Park Activities: cross-country skiing, hiking, horseback riding, nature & historic appreciation, picnicking, primitive camping
Pro Tip: Shaw Woods can be muddy, boots are a good idea if it has been wet out!
- 1 reservable weekend campsite for Buckeye Trail hikers-Contact the Park District at (330) 297-7728 or by email; download camping permit*
*must be submitted at least 2 weeks before the scheduled camp time
- Information Kiosk
- Parking lot for cars, trucks and horse trailers
- Restrooms (non-flush toilets)
No bicycles or motor vehicles
Please remove horse manure before leaving the park
|Trail Icon||Trail Name||Miles||Surface Type||Rating||Description|
|Buckeye Loop||.69||natural||2||A natural surface trail into the park and through wooded areas. This section is part of the Buckeye Trail, primitive campsite spur located off this trail.|
|Meander Trail||.75||natural||3||A natural surface trail through wooded area and wetlands including the West Branch of the Mahoning River and streams. Includes some boardwalks and natural water crossings for horses.|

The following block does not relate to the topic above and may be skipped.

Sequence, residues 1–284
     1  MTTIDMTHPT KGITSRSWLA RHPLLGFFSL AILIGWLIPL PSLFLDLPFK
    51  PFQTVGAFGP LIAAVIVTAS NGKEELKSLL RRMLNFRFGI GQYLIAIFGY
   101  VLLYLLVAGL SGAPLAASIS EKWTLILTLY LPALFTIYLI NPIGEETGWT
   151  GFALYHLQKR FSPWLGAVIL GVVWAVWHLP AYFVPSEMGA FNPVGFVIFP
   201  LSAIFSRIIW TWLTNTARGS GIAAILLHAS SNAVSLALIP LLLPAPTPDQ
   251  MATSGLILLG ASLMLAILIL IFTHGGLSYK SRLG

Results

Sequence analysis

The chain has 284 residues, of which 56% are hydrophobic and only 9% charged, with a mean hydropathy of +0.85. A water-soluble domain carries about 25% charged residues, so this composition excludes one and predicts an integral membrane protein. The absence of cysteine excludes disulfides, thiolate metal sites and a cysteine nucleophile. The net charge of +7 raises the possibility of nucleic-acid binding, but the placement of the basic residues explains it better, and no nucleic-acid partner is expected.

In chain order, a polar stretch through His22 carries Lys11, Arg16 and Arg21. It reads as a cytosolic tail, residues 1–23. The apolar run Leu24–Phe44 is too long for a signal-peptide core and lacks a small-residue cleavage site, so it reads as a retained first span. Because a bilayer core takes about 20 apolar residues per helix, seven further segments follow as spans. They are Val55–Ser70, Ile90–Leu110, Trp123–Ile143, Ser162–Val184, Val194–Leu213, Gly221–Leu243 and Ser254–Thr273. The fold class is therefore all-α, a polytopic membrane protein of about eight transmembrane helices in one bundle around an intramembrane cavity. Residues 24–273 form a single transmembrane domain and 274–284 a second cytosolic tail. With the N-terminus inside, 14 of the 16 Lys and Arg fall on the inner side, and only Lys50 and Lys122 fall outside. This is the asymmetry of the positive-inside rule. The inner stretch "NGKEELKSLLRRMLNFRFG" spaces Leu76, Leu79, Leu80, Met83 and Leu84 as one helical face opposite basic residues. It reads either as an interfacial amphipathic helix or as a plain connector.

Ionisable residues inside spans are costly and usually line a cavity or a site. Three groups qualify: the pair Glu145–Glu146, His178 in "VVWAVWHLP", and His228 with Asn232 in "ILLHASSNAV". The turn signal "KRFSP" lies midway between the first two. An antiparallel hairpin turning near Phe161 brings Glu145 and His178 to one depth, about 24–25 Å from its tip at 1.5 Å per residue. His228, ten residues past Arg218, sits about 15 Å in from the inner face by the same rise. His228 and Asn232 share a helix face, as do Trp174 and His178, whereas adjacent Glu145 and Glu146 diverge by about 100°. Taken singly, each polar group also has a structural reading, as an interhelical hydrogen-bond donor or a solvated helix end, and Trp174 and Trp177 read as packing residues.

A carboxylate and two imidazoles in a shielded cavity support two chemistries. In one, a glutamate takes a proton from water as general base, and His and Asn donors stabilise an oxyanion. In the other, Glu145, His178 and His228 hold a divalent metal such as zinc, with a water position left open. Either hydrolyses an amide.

|Pinery Trail||.39||natural||3||Natural surface trail looping through wooded area connecting to Meader and Sugarbush Trails.|
|Sugarbush Trail||.47||natural||3||Natural surface trail looping through wetlands and back to Pinery or Meander Trails. Views of the West Branch of the Mahoning River and includes boardwalks and natural water crossings for horses.|
History & Resources
The 145-acre property was originally acquired by Douglas and Virginia Shaw several years ago with the intention of eventually donating it to the Portage Park District for permanent conservation and the enjoyment of all. Virginia completed the donation in late 2014 after the passage of the Park District’s first-ever funding levy that ensured the District’s ability to improve and manage the property. The property features mature woods, high-quality wetlands, headwater streams and the West Branch of the Mahoning River, upstream of West Branch State Park. Just over 3 miles of trails in this Phase I development are open for horseback riding and hiking, cross country skiing and simply enjoying the beauty of nature. In keeping with Virginia’s vision to also showcase land management practices for private conservation land owners, the Park District will continue to manage the forest for select timber harvest along with other agroforestry opportunities such as cultivating native fruit trees and shrubs, mushrooms, nuts, etc. Future educational programs will aim to encourage and inspire others to manage their lands in balance with nature to yield multiple benefits.